“The warnings were dire.”
Tom Vanderbilt has a great take on the heated reaction to bike share we’ve seen in New York lately, relating it to one of the many changes this city has seen during its esteemed history.
Insofar as they alter entrenched travel patterns, change urban landscapes, and carry people into parts of town where they previously hadn’t been carried, new transit systems by their very nature tend to be magnets for opposition. (And here it should be noted that Citi Bike is perhaps the least disruptive transit system that has ever been adopted by New York City, at least in terms of its construction and operation.) In its earliest phase, the debate over Citi Bike appeared to echo the debate over another profound change to New York City’s streetscape a half-century ago: the installation of on-street parking meters. At the time, critics declaimed them as “unconstitutional.” Lawsuits were mounted. The warnings were dire. There would be vandalism! People would try to cheat the system! The meters would only make traffic worse! Today, of course, parking meters are universally viewed as simply an irrefutable cost of driving a car in a crowded city, and the only real debate left is over how much to charge per 15 minutes.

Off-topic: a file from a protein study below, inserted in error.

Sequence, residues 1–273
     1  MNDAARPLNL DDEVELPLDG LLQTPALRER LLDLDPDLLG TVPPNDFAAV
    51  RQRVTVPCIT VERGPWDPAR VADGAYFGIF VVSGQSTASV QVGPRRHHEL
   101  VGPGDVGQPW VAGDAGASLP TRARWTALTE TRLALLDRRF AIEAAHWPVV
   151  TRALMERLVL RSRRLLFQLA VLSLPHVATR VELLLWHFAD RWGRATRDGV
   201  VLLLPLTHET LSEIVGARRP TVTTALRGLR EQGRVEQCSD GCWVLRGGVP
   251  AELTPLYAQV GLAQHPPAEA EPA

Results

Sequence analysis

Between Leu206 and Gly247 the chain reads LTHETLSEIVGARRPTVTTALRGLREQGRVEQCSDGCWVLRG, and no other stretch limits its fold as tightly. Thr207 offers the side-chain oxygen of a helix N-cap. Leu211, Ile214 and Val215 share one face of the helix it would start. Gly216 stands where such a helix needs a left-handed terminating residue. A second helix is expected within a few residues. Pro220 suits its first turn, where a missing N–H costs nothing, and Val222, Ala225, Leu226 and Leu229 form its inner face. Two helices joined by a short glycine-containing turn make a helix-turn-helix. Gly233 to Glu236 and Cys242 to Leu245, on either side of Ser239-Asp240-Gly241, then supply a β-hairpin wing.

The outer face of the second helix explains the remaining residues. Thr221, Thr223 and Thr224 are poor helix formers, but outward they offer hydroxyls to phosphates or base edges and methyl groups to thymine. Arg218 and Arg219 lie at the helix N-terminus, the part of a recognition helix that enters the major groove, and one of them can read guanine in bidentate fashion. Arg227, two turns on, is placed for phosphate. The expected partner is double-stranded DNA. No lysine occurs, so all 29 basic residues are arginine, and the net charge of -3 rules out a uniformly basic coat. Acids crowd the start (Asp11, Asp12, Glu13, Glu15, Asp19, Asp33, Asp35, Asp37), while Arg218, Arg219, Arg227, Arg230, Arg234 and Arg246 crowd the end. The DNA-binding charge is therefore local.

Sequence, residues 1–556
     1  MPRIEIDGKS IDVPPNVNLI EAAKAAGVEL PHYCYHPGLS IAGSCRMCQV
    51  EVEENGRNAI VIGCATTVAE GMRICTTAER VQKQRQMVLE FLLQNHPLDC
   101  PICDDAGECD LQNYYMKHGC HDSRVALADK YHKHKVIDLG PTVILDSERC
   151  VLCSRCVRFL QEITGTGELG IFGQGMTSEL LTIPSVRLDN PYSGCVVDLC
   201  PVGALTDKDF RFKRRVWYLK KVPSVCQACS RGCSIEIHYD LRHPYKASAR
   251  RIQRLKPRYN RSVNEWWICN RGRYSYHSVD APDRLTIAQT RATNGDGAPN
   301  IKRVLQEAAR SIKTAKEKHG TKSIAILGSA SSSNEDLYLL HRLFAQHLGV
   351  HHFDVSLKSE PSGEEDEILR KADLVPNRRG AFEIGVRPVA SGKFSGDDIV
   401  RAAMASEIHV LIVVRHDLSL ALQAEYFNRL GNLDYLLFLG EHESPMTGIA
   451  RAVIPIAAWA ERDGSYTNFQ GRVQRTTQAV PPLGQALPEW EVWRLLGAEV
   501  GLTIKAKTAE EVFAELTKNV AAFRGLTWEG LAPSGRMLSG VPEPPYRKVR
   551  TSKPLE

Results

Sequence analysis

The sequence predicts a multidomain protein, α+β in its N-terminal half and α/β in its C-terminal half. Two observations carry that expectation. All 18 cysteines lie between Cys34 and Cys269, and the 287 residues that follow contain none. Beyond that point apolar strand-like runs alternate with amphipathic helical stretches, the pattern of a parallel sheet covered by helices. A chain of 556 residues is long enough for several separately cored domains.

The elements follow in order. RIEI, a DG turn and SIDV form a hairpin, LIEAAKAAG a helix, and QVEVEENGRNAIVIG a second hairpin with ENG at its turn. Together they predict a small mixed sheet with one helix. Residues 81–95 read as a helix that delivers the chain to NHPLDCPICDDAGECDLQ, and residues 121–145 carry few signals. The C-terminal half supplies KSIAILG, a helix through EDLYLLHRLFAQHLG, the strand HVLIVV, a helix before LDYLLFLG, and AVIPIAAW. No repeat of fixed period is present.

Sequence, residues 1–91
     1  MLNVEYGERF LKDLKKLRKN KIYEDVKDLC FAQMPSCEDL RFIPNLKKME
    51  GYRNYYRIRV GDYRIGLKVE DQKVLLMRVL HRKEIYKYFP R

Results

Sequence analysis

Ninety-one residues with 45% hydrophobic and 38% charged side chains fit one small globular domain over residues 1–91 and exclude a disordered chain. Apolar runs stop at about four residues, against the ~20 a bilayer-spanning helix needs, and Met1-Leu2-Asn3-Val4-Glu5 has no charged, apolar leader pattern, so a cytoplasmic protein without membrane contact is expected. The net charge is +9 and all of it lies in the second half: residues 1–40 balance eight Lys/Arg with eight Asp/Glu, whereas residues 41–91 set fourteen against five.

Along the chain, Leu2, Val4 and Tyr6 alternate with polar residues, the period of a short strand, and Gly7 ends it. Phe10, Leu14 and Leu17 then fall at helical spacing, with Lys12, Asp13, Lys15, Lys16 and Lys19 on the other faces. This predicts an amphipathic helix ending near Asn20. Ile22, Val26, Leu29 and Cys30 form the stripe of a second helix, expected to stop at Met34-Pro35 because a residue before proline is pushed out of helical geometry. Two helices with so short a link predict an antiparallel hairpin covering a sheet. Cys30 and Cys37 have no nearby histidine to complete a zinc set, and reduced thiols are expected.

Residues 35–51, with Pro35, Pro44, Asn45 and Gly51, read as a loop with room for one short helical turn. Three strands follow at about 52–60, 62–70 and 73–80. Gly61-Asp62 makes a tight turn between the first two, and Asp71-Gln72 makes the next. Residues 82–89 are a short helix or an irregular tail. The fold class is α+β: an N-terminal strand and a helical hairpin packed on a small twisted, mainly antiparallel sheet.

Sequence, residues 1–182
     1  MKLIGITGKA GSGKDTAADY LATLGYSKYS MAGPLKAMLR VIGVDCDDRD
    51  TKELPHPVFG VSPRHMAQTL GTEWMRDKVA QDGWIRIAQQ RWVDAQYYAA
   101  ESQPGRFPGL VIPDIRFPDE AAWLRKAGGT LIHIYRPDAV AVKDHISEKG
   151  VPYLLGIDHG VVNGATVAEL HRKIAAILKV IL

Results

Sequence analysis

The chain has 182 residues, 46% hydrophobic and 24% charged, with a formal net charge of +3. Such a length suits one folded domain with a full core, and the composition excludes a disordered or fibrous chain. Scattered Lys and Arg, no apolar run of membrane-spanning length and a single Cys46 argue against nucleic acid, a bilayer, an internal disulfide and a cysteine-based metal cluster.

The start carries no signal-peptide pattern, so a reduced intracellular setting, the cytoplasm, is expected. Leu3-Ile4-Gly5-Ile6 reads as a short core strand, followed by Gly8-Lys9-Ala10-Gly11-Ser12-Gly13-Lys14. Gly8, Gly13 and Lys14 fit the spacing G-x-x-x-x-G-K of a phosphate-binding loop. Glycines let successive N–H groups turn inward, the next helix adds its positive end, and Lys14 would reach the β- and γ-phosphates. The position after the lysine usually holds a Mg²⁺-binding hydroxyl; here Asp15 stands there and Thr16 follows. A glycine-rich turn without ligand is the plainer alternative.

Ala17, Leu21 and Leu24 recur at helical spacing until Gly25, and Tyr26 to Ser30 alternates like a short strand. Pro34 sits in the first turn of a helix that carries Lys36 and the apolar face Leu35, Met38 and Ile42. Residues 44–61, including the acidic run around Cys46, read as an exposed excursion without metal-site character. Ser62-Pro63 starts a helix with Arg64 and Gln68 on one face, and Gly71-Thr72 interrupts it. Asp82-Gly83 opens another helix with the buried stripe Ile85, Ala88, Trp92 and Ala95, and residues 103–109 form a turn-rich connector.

His description of how Citi Bike fits into the taxonomy of social change is particularly astute. It’s been interesting to see New York move from the “controversial” and “progressive” stages during the PPW-era bikelash to today’s “obivious” stage with bike share.
We’ll probably backtrack a little into silliness the minute some poor schlub doesn’t read the pricing structure and gets hit with a $200 multi-hour bike share ride — “Bike Snare!” as the Post will title the story — but the inevitability of such a moment proves that Citi Bike is already an established part of the New York City landscape before it has even launched. To paraphrase Tom, the only real debate left is be over how much to charge per 45 minutes.